Officers in the northwest suburban community of Wood Dale had been investigating a series of residential break-ins, and took two suspects into custody.
Most recently, law enforcement officials were able to arrest a third suspect—25-year-old Adam Blair—but only with the help of a SWAT team. Police officials assured reporters from the Chicago Sun Times that they made “numerous attempts to contact the burglary suspect to bring about his peaceful surrender. The suspect refused all contact and the DuPage Felony Investigative Assistance Team sent a SWAT unit to assist in the situation.”
Chicago Police Offices Turn to SWAT Teams to Crack Down on Burglaries
SWAT (Special Weapons and Tactics) teams are designed to deal with dangerous criminals and hostage situations. SWAT teams receive intensive, military-style training, and often use grenades that can blind and deafen bystanders.
Was it necessary to employ a SWAT team to take a single 25-year-old man from his suburban home? Chicago law enforcement officials maintain that they had reason to believe the suspect may have had a gun, but critics might argue that police officers were too quick to turn to overly aggressive tactics.
Whatever the case, the wiliness of local law enforcement officials to employ SWAT teams to take down Blair demonstrates how serious they are about cracking down on burglaries in Chicagoland. If you are a resident of Chicago or a surrounding suburb, you should familiarize yourself with Illinois burglary laws in order to be able to protect your rights and avoid being caught up in overzealous officers’ eagerness to make arrests.
Burglary may be defined as the illegal entry or unauthorized occupancy of a structure with the intent to commit theft or any kind of felony. Although in the past burglary laws only applied to residences, today burglary laws now extend to any kind of structure, including a cars, boats, aircrafts, mobile homes, businesses, barns, and stables.
In Illinois, burglary is typically charged as a class 2 felony, and is punishable by up to seven years in prison and a fine of $25,000. The penalties are even harsher if the burglary occurred in a school, church, or other place of worship. But the most serious type of burglary is residential burglary, where a suspect breaks into a victim’s dwelling. The penalties for a residential burglary conviction include a mandatory prison sentence of as many as 15 years.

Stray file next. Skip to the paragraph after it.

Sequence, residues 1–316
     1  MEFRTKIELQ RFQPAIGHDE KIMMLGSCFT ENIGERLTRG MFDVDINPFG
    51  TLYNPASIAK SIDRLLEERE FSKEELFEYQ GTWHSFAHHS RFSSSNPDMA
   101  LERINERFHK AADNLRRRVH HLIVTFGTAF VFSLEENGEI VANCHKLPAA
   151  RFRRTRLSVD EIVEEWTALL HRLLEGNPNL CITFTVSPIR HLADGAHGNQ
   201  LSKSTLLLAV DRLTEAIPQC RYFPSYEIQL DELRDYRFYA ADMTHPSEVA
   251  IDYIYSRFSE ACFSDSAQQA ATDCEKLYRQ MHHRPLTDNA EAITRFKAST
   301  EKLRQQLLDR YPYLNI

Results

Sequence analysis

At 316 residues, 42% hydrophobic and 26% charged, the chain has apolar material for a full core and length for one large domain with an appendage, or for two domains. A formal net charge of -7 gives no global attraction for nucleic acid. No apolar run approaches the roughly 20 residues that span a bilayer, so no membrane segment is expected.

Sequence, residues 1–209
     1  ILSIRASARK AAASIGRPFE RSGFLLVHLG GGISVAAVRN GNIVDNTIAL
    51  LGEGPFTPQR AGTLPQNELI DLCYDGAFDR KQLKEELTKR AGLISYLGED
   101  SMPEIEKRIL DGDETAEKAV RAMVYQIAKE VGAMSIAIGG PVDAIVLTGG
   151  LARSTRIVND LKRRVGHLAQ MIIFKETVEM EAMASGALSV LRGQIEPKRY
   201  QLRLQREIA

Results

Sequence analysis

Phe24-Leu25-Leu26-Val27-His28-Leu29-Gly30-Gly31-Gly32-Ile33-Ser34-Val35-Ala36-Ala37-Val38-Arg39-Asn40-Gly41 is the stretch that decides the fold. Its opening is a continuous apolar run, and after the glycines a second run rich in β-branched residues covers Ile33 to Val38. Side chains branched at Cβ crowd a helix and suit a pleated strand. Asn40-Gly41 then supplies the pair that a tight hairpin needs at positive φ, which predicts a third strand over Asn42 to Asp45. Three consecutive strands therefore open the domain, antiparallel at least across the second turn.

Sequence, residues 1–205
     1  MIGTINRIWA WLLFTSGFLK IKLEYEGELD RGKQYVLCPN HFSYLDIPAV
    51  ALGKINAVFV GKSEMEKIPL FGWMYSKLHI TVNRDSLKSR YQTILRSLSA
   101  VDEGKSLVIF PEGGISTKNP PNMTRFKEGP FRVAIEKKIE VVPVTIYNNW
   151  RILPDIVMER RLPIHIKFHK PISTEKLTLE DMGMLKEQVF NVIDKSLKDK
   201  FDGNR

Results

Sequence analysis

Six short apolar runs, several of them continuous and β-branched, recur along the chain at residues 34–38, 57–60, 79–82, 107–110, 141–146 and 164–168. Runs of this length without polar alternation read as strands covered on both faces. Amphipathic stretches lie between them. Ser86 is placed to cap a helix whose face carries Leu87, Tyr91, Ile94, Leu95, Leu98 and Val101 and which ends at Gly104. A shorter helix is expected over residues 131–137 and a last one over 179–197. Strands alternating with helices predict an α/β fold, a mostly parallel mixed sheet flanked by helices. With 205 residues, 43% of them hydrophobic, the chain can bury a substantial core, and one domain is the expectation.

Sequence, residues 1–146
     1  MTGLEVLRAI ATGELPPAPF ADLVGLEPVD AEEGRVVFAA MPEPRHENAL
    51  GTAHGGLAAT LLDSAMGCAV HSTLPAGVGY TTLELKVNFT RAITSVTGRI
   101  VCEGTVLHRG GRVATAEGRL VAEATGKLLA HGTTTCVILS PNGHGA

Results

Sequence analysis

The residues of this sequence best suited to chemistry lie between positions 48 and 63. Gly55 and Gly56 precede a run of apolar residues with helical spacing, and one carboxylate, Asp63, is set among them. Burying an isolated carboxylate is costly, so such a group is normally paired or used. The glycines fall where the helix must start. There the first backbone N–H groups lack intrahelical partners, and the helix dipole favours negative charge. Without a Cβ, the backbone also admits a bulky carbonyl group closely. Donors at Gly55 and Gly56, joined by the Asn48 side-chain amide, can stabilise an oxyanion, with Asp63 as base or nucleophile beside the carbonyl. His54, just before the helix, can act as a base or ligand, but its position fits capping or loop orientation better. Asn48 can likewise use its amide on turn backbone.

If you are facing burglary charges in Chicago, you need a strong defense. There are several effective defenses against burglary charge, from demonstrating that the accused did not intend to commit a felony to claiming entrapment.
An experienced burglary defense attorney can help. Your attorney can make sure you understand the unique charges facing you, and help you establish the most powerful strategy for defense. A good lawyer can analyze all aspects of your case before using their skill and knowledge to have your charges reduced or dropped. By avoiding conviction, you may be spared hefty fines, a lengthy prison sentence, and a lifelong criminal record. Don’t give in to bullying police officers and unfair charges—contact a criminal attorney today.
About the Author:
Andrew M. Weisberg is a former felony prosecutor who now serves as a defense attorney in the greater Chicago area. He has extensive experience in handling all types of criminal cases, from sex offenses and domestic violence to retail theft-related crimes, Murder, and drug crimes.